May 9, 2013
The Dorothy I. Height and Whitney M. Young, Jr. Social Work Reinvestment Act (HR 1466) was recently reintroduced in the 113th Congress by Representative Barbara Lee (CA-13). Congresswoman Lee has also taken over as Chair of the Congressional Social Work Caucus and has been a consistent progressive voice in Congress, dedicated to social and economic justice, international peace, and civil and human rights. She notes that as a social worker by profession, being an advocate for people in dealing with the federal bureaucracy has been one of her top priorities.
The Social Work Reinvestment Act is the most comprehensive bill ever introduced in the U.S. Congress addressing the workforce challenges facing our profession. Due to economic, political, and social challenges in all corners of American life, social work services are more needed than ever before. Clients depend on the services and resources provided by social workers to maintain employment, shelter, food, and other life-sustaining services.
At the same time that the need for social work services is increasing, our profession is struggling to recruit and retain enough professionals. Due to workforce challenges such as low salaries, high educational debt, and serious safety concerns, students are choosing different career paths and experienced professionals are leaving the field. This situation is untenable if we expect to keep pace with rising needs in areas as diverse as child welfare, poverty alleviation, education, health, mental health, aging, addictions, natural disasters, and violence.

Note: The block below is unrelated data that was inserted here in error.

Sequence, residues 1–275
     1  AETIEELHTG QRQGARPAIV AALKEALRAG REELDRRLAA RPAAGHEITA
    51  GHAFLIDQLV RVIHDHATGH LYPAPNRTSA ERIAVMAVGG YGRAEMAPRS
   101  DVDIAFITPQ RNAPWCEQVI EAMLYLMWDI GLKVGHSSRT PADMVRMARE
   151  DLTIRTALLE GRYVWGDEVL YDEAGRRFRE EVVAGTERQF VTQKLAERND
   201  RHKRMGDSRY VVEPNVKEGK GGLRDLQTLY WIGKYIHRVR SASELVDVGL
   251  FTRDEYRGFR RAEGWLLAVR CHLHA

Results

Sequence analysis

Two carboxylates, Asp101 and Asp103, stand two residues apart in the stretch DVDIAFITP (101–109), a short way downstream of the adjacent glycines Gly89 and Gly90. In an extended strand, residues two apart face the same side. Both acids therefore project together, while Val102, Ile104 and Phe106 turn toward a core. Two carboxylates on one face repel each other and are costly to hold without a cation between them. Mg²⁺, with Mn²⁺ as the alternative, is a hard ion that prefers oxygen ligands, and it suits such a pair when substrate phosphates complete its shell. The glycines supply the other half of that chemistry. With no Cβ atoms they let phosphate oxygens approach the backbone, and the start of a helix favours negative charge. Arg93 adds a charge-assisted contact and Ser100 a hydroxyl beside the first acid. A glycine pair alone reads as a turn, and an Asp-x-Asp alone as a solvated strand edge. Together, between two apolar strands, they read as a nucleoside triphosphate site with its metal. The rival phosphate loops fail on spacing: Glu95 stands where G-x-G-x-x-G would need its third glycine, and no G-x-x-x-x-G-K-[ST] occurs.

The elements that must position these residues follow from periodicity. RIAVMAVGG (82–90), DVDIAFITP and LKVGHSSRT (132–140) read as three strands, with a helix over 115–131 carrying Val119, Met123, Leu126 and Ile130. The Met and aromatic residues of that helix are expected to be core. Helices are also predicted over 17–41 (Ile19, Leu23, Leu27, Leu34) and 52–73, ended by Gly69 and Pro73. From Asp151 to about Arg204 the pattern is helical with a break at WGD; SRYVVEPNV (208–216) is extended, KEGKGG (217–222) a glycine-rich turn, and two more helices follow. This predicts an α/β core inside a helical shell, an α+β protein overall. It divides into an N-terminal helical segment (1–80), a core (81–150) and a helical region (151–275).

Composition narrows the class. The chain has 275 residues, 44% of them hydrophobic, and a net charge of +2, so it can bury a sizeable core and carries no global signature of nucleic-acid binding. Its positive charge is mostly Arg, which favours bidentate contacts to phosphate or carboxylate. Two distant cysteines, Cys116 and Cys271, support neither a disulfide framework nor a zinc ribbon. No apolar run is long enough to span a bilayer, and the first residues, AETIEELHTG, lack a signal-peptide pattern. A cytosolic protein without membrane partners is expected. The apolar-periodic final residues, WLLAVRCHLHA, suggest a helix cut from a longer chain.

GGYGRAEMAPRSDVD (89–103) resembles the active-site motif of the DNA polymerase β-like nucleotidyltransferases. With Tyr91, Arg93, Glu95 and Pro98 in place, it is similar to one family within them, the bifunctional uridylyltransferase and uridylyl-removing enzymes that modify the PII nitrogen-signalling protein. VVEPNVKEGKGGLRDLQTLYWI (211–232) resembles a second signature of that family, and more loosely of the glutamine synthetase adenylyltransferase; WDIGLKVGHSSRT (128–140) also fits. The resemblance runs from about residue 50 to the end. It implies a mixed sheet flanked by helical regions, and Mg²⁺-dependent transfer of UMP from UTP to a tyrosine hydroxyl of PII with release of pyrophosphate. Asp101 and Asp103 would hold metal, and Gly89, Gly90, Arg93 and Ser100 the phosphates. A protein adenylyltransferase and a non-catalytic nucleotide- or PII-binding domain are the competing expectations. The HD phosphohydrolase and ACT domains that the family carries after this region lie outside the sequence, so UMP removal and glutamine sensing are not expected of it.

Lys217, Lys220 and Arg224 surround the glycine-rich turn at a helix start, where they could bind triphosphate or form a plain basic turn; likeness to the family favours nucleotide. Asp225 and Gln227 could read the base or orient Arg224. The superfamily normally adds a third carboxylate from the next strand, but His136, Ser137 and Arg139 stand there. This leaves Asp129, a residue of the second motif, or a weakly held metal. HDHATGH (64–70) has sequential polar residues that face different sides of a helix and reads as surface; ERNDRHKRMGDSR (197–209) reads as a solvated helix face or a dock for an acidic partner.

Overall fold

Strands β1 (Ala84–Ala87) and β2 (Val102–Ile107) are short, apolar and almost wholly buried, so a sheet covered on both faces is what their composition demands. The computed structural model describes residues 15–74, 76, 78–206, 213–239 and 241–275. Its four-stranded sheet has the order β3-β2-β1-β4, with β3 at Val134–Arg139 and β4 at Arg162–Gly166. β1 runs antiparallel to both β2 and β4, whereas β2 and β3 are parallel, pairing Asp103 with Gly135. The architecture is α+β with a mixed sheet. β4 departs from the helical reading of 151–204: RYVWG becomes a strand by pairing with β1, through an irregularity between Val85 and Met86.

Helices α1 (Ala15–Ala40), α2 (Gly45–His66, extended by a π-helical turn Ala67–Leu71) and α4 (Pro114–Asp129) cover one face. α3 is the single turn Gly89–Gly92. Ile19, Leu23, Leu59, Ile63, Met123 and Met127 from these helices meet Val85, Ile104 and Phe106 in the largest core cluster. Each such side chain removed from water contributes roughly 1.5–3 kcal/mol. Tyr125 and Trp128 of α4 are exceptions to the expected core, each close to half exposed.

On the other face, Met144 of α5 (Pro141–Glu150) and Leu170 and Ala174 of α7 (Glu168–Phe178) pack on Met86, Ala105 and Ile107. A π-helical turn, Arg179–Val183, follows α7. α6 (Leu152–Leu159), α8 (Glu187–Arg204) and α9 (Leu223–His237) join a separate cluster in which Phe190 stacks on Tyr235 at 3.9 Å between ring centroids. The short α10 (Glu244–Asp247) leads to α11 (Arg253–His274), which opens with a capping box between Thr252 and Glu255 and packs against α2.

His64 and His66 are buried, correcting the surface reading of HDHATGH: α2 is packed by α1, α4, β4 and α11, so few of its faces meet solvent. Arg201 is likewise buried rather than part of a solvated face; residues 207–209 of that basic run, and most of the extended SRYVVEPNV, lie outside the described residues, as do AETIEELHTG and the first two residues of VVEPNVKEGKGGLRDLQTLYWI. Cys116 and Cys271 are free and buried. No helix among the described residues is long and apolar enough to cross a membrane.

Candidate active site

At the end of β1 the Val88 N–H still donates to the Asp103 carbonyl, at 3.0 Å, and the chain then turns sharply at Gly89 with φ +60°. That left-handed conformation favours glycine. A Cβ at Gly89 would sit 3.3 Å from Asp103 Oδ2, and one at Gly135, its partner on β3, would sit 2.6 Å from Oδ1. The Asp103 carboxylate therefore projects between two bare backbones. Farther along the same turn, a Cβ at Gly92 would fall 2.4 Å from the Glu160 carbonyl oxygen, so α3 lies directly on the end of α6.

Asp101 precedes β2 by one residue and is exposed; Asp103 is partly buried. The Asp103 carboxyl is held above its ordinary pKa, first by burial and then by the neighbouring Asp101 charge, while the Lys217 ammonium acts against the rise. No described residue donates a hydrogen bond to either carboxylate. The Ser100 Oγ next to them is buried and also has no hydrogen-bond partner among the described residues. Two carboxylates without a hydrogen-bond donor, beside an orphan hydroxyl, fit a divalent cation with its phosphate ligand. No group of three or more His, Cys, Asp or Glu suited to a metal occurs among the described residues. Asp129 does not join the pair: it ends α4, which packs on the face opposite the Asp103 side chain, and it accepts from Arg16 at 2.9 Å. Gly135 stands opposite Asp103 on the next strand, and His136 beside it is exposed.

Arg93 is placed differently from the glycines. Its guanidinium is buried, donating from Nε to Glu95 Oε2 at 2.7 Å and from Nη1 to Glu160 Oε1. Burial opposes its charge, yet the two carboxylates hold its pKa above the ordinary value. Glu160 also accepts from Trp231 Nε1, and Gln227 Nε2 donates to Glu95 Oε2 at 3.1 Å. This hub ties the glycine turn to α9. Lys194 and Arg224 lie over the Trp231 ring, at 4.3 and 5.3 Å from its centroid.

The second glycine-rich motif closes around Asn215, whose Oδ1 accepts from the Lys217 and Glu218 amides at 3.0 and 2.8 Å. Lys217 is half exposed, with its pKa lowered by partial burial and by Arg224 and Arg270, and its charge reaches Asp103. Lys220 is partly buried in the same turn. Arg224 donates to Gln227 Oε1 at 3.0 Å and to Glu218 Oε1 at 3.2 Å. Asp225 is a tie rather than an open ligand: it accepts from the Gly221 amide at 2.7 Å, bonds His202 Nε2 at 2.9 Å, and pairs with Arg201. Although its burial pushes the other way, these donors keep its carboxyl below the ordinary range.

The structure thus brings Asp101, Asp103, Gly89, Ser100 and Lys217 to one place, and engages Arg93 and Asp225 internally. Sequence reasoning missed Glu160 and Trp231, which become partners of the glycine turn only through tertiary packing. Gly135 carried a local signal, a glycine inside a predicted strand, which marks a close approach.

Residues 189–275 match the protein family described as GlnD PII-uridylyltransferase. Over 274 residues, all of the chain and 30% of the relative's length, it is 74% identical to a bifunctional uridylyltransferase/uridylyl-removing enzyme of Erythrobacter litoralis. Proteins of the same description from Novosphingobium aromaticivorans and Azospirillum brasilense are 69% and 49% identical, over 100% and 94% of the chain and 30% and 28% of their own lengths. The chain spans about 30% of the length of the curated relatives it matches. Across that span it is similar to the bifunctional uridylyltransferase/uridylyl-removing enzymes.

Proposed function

The Social Work Reinvestment Act will support professional social workers by creating a Social Work Reinvestment Commission to analyze these workforce challenges and provide a comprehensive analysis on how they may impact the future of social service delivery in the U.S.
Additionally, the bill would award competitive grant programs to improve workplace conditions by remedying high caseloads and low wages, furthering post-doctoral research activities, providing institutions of higher learning with funding to recruit and educate new social workers, and supporting the development of community-based programs of excellence.
Due to the increasing need for professional social workers, it is essential that the workforce both retains and recruits members. This act is a crucial step in strengthening and advancing the profession of social work.
We ask you to contact your Representative today in support of the Dorothy I. Height and Whitney M. Young, Jr. Social Work Reinvestment Act.